No spirit needs to “look” like anything but they are themselves as real as anything else beyond perception……the psychological aspects placed on them aren’t necessarily false imaginings per say but they aren’t complete either. This is the reason magicians utilize ‘road-maps’ in order to work with the relative or apparent “chaos” of the spiritual world since it is so different than what physical humans perceive it as. These "road-maps" of course, are the tried and tested methods and/or 'traditions'.

Certain spirits, angels, ancestors, guiding spirits etc, can actually...fine tune (attune) our perceptions and abilities to perceive and converse with them better. Thus we are able to integrate their gifts (shared knowledge) so that we can actually see, comprehend, and do things we were unable to previously. Often, I didn't notice all I was learning or being gifted with till afterward.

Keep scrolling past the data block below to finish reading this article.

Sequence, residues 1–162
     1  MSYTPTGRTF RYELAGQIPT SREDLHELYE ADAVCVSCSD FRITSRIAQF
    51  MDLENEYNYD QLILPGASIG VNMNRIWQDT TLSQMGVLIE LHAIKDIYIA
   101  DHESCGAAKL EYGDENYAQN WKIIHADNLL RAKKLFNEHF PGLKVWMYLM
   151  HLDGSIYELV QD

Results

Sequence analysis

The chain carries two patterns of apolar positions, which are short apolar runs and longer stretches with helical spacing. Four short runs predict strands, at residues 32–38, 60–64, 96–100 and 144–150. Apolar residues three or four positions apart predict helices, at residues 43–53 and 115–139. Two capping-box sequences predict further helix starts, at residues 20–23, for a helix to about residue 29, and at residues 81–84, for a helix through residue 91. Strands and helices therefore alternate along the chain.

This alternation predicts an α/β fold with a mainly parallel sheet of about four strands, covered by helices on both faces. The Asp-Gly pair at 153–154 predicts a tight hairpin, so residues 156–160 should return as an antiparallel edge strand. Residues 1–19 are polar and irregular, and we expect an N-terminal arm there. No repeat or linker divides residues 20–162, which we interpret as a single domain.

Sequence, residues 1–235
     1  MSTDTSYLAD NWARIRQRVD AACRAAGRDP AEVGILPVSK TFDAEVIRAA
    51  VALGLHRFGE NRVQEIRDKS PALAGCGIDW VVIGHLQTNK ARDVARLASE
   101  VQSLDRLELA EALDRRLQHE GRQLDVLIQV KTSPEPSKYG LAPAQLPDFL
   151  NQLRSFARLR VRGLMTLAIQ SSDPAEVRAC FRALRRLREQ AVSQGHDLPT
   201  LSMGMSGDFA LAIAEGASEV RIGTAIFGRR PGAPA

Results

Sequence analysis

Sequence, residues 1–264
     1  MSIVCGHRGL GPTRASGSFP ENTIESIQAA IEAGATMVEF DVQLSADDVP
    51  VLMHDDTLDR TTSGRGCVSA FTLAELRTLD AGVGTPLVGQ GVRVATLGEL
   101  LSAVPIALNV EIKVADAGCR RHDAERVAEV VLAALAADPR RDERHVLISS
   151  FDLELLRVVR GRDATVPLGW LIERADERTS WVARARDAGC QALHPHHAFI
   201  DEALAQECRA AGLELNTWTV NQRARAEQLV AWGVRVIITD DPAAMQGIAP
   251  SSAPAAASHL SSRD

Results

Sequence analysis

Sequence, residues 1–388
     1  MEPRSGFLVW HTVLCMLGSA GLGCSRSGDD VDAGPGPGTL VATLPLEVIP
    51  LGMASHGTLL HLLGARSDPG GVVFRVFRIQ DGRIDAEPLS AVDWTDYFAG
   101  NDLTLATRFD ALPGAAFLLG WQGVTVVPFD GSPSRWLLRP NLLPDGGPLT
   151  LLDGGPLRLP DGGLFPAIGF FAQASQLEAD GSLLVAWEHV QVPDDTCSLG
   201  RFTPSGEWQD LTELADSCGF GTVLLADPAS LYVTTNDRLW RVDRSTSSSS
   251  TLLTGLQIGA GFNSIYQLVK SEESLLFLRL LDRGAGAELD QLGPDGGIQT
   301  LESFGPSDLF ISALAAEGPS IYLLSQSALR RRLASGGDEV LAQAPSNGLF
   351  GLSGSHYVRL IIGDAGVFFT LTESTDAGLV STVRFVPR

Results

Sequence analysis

Relationship is a key concept here with many magicians having their own beliefs about what is deemed as “appropriate” or most beneficial.
Working with the Almadel angels, seemed to naturally open up my ability to actually call other angels and spirits into crystals, etc better so I could see and hear them better where I couldn’t before, as well as do this for others...I’m pretty sure they (the angels) did this for me even without me consciously realizing it.
After one of our evocations, my scryer who is not a ceremonial magician, reflected on how he perceived the magic within the magical circle and during the operation. He said, “Once you begin the ceremony, you seem to create some sort of a vacuum, where the very atmosphere changes and whatever you invoke rushes to the circle, in an instant. It’s amazing!" He also spoke about how the structure and timing seems to get everything aligned and working toward the intended purpose. This made me smile, as like with many things, when you've been doing it for a while, you tend to forget just how incredible ritual magic is and how well it can work under the right circumstances. Once certain actions “click” on the spiritual as well as physical side of things, the incredible phenomena will be obviously apparent.